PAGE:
In popular culture, we've seen great movies and TV shows about female friendships and the ups and downs that obviously inhabit them. There was Sex and the City, Thelma and Louise, Gilmore Girls, Booksmart, Girls, and The Golden Girls, among others. But I think they all owe a great deal of gratitude to director Claudia Weill's landmark 1978 classic Girlfriends. It's an unfairly overlooked and incredibly underrated portrait of the often tense conflicts but deep bonds and communication between women.
The film stars Melanie Mayron and Anita Skinner as Susan and Anne, very best friends living togerther in Manhattan on the Upper East Side. Susan is a budding, Jewish photograher who wants to have her own art gallery. She also happens to be highly insecure, and that insecurity is further tested when Anne announces that she's getting married and moving out. Finding herself alone and adrift in life and love, Susan has to learn how to be independent and find her own way to eventual happiness and personal satisfaction.
It's no surprise to see how this indie masterpiece influenced a entire generation of filmmakers depicting their own stories of the closeness of women and how they try to navigate their lives and intimate relationships in the big city. And thankfully, Criterion has definitely understood its timeless impact with their new release, which comes with a new 2K transfer and many new supplements, such as a new interview with Weill; a new interview with Weill and actors Mayron, Christopher Guest (Eric), and Bob Balaban (Martin); a new interview with Weill and writer/director Joey Soloway (creator of Transparent); Weill and Mayron's appearance on the Canadian talk show City Lights; Joyce at 34, a 1972 short film by Weill and writer/director Joyce Chopra; and Commuters, a 1973 short film by Weill. There are also new essays by critic Molly Haskell and scholar Carol Gilligan.
If you're looking for something different and refreshing, I 100% recommend adding this warm, sincere, and unsentimental film to your collection. I guarantee that you won't regret it!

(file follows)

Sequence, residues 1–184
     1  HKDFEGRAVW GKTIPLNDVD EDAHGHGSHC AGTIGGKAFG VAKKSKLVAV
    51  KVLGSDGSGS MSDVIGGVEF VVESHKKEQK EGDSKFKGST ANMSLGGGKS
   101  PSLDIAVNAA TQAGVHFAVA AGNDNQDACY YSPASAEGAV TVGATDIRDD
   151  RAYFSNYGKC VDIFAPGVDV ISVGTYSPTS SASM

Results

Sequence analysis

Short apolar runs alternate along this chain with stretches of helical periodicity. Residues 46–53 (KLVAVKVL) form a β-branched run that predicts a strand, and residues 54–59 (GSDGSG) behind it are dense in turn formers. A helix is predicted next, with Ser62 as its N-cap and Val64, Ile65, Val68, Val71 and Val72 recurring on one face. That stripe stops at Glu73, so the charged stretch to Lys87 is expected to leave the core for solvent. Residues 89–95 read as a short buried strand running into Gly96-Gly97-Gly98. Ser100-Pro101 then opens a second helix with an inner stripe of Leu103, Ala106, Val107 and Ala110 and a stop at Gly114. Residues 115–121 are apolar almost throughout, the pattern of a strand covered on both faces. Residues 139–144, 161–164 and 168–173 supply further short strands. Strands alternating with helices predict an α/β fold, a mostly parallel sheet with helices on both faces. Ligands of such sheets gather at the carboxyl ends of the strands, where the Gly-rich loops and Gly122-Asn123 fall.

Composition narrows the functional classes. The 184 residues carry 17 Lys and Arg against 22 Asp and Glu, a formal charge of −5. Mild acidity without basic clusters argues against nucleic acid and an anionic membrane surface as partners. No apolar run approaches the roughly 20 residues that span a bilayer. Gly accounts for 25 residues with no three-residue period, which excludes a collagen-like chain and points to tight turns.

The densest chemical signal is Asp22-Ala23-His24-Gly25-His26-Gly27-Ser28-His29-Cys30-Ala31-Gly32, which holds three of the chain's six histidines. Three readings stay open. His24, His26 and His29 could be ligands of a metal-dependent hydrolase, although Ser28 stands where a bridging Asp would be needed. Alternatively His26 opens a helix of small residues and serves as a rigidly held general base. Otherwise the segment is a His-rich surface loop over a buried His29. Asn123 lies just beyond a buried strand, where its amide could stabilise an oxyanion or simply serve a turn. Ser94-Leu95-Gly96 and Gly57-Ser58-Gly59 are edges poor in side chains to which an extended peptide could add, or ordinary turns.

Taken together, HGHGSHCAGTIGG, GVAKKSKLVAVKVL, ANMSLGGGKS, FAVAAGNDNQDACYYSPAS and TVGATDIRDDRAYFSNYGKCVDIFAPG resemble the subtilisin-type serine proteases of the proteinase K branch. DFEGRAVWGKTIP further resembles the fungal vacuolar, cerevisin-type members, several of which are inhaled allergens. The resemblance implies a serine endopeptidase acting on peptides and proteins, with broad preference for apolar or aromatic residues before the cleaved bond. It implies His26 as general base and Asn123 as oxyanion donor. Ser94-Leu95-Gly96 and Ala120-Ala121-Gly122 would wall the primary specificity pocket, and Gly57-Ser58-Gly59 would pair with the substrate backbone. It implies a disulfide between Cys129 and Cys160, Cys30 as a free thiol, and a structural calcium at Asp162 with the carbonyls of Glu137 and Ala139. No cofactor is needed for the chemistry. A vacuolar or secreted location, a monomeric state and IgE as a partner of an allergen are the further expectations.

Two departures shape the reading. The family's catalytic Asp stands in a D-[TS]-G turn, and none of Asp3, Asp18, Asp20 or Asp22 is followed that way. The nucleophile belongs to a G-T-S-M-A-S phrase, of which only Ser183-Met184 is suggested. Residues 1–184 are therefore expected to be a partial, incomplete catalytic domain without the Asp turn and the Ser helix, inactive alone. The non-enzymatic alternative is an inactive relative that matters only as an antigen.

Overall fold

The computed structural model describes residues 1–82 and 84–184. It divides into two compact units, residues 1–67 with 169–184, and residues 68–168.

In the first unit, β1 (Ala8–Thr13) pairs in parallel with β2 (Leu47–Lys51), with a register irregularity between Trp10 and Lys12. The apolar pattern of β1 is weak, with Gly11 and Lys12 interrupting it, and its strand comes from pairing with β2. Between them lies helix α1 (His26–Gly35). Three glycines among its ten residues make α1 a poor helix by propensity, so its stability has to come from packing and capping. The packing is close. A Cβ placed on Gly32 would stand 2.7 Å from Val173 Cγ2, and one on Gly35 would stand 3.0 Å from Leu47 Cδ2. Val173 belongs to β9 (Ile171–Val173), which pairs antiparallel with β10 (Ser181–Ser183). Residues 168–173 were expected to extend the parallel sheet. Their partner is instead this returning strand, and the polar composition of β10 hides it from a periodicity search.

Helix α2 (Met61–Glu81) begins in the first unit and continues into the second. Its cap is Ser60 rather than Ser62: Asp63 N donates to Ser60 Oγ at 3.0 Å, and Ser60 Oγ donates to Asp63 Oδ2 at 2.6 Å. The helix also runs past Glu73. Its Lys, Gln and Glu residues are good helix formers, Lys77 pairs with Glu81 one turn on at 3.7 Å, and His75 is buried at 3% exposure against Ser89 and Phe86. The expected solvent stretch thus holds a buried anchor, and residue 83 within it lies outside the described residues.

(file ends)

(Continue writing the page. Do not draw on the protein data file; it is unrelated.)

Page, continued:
Play Misty for Me (Kino): Clint Eastwood directed and starred in this 1971 superior thriller about a radio disc jockey who has a one-night stand with a sexy female fan, but lives to regret it as she becomes increasingly and crazily bsessed with him.
The Beguiled (Kino): Don Siegel directs Eastwood in this offbeat 1971 Civil War thriller about an injured soldier who is rescued and taken to a boarding school. He becomes the object of sexual desire by the entire all-girl staff (including headmaster Geraldline Page) and their pupils. He manipulates the situation for his own self-gratification, but when he refuses their advances, they make it very difficult for him to leave.
Brides of Dracula (Scream Factory): Terence Fisher directs this early effort in the Hammer canon about a young teacher on her way to Transylvania who helps a young man escape from shackles that his mother placed on him. She realizes why, especially after she finding out that he is vampire. Making matters worse, he goes after many of the women at the school. Thankfully, Van Helsing (Peter Cushing) is on his way.
Death Laid an Egg: A love triangle develops between a woman, her husband, and a young, beautiful secretary who run a high-tech chicken farm. As jealousy becomes more apparent, so does the husband's murderous habits.